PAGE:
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Details of Grant 

EPSRC Reference: EP/J013021/1
Title: Complementary Gel and Microemulsion Strategies for Pharmaceutical Solid Form Control
Principal Investigator: Steed, Professor JW
Other Investigators:
Hodgkinson, Professor P Howard, Professor JAK Cooper, Dr SJ
Researcher Co-Investigators:
Project Partners:
GlaxoSmithKline plc (GSK)
Department: Chemistry
Organisation: Durham, University of
Scheme: Standard Research
Starts: 01 October 2012 Ends: 31 January 2016 Value (£): 688,937
EPSRC Research Topic Classifications:
Chemical Structure
EPSRC Industrial Sector Classifications:
Manufacturing Healthcare
Related Grants:
Panel History:
Panel DatePanel NameOutcome
08 Feb 2012 EPSRC Physical Sciences Chemistry - February 2012 Announced
Summary on Grant Application Form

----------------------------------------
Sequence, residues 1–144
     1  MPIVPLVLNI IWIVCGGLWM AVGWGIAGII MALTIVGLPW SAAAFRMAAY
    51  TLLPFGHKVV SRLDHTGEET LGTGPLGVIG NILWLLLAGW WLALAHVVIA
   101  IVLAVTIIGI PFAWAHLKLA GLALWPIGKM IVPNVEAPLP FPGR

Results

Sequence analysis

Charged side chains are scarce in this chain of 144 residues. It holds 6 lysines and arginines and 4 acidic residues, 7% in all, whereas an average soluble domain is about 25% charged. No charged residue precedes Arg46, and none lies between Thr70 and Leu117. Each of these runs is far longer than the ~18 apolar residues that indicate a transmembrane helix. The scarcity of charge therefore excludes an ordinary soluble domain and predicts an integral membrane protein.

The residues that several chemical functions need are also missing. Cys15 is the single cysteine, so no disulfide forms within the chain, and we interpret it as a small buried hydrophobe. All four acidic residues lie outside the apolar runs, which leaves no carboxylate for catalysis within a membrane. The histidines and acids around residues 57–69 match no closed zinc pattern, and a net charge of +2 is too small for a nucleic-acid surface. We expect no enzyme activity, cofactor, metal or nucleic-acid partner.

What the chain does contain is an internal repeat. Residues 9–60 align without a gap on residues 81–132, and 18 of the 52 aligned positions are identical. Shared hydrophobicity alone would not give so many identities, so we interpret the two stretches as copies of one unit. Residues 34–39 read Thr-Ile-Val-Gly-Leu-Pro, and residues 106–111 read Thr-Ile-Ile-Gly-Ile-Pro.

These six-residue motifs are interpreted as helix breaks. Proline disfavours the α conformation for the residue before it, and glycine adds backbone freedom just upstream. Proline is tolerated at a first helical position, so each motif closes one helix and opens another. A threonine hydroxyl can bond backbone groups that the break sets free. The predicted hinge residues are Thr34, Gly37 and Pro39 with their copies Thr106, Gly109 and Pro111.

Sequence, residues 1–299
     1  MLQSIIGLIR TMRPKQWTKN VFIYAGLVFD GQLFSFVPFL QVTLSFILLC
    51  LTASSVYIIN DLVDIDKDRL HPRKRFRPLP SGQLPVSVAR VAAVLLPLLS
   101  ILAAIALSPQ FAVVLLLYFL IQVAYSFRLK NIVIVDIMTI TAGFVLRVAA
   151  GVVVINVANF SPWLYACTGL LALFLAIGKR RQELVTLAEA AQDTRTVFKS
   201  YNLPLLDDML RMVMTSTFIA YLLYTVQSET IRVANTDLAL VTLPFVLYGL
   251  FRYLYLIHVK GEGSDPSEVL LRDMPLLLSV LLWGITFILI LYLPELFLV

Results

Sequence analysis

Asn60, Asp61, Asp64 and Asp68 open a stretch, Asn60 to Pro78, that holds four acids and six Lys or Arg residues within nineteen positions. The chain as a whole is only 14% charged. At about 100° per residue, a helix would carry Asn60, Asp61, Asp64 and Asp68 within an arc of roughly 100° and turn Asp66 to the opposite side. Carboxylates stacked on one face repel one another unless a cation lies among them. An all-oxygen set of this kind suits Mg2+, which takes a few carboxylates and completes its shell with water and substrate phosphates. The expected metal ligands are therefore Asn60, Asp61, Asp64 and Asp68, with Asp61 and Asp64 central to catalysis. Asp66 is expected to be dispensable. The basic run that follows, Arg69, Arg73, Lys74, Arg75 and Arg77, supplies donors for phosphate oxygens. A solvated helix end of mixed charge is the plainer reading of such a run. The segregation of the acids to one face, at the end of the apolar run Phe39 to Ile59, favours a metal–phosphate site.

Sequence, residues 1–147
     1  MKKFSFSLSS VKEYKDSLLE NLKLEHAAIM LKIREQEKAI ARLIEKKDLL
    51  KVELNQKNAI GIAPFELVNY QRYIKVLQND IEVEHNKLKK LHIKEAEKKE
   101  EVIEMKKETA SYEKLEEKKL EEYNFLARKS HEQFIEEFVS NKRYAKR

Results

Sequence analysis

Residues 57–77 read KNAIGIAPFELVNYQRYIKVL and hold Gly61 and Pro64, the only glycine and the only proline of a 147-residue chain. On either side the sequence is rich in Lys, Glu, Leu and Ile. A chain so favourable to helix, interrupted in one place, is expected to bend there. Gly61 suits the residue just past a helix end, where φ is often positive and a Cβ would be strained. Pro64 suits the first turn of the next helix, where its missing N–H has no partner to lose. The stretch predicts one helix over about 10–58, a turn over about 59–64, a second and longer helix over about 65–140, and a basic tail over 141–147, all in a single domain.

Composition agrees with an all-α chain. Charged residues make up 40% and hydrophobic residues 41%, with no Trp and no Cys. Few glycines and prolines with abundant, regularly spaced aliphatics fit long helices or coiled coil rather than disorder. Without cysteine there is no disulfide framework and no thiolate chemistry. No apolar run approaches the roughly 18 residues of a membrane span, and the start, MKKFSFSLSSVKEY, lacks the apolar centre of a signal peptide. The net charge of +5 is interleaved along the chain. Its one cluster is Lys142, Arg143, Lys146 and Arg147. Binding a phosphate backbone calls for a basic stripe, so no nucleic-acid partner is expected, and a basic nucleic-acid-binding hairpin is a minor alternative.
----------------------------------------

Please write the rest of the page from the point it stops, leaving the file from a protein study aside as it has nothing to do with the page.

The issue of the solid form of drug substances is of key importance to the UK pharmaceutical industry. Different crystal forms have different bioavailability and solubility characteristics, and the crystal shape (needle, plate, block etc.) significantly affects processing and tabletting behaviour. Moreover discovery and patenting of all polymorphic forms is a necessary part of current drug discovery research. There have been a number of high profile cases where failure to identify the most stable crystal form of a drug has led to severe formulation problems in manufacture. This is often because the stable form has a high nucleation energy barrier so is very slow to nucleate and only appears late in the production process, resulting in huge encumbant cost. Drug solid form is a major issue for the UK economy and tremendous investments focus on calculating crystal structure and on empirical polymorph screening by a wide variety of crystallisation techniques. This project will use the complementary techniques of crystallisation from microemulsions and crystallization within tailored low molecular weight organogels to provide a general solid form discovery method as well as a means of influencing crystal shape and surface characteristics that will greatly enhance both the robustness and scope of present polymorph screening techniques in the pharmaceutical industry. By use of the 3D-nanoconfinement in microemulsions to initially limit the crystal nucleus size, the novel microemulsion method allows systematic identification and preparation of the most thermodynamically stable polymorphic form. Crystallisation in individually tailored (i.e. chemically complementary to a particular drug substance), low molecular weight gels, will allow isolation and identification of kinetic polymorphic forms and offers the advantage of heteronucleation sites that can catalyse the growth of forms that are very slow to begin crystallising. Between them, therefore, the two crystallisation strategies offer a step change in the systematic approach to pharmaceutical polymorph screening and identification strategies and hence solid form discovery and selection.
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